Researchers Trying to Turn Carbon Into Things They Can Sell
(Bloomberg) -- What if the billions of tons of carbon dioxide pumped out by the world’s power plants could be converted into something that’s more useful? Ten teams will split $5 million to test ways to do just that.
The researchers are developing systems that break down the greenhouse gases to make products ranging from building materials to plastics to chemical feedstocks. They were all named as finalists Monday in the NRG COSIA Carbon XPrize competition, during a session at the BNEF Future of Energy Summit in New York.
The goal is an economically viable system to convert emissions from power plants into commercial products. Capturing carbon dioxide from power plants has proven elusive to put into practice, largely because of the cost. In one notable flop, Southern Co. spent $7.5 billion building a “clean” coal plant before abandoning the effort last year. Turning the greenhouse gases into products people can buy could transform the industry, said Marcius Extavour, senior director for energy and resources impact architecture at XPrize Foundation.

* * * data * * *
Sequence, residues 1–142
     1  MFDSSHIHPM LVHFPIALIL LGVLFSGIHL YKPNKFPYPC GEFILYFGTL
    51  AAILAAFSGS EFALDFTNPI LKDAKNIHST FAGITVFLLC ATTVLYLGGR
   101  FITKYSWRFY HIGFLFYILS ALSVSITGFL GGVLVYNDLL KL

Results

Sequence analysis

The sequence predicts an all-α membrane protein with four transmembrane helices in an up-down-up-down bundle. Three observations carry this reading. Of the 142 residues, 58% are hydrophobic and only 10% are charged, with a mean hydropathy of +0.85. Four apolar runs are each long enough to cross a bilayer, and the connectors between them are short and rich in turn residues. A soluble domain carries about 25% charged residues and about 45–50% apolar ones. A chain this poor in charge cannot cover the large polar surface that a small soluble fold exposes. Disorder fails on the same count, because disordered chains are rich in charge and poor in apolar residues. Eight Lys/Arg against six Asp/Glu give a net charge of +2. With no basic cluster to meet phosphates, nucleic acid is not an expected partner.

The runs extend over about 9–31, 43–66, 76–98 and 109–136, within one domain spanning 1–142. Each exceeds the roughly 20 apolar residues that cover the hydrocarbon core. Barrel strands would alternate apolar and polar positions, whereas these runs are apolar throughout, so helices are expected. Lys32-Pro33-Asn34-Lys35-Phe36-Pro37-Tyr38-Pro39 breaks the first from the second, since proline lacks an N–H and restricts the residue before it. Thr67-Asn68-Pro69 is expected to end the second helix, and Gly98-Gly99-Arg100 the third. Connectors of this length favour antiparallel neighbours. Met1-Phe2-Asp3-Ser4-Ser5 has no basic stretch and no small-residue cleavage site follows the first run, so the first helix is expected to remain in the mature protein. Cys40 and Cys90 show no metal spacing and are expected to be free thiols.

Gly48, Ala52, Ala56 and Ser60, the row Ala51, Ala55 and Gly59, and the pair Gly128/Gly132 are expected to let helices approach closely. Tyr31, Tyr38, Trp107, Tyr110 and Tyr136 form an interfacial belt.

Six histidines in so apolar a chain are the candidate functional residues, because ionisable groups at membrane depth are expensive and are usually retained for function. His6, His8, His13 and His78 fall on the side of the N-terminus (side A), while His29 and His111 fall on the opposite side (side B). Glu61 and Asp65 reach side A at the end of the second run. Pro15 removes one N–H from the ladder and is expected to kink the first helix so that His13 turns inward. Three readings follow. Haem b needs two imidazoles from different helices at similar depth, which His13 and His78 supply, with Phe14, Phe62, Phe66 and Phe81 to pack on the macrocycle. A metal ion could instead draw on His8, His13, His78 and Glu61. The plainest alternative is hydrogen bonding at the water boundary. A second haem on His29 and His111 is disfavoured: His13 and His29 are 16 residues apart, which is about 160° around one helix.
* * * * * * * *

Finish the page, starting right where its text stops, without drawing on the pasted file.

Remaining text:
“By showcasing what seems to be a radical technology, and hopefully some breakthroughs, we’re hoping to shine a spotlight on other innovative pathways to decarbonizing the power sector,” Extavour said in an interview before the finalists were announced. The XPrize Foundation is best known for organizing a competition to spur the privatization of space exploration, and the Carbon XPrize applies the same idea to environmental science.
The finalists all demonstrated their ideas on a small scale. In the next phase of the competition, they’ll set up shop at facilities alongside two operating coal and natural gas power plants and must expand production at least 10-fold. Two $7.5 million grand prizes will be awarded in 2020, one for the winner at the gas plant and the other for the winner at the coal site.
“Human beings make a lot of concrete,” Extavour said. “Being able to make one of our most high-quantity products out of waste is attractive.”
“The idea of making a really high-performance material that has a huge upside for the 21st Century, out of maybe the biggest waste product of the 21st Century, is very cool,” Extavour said.
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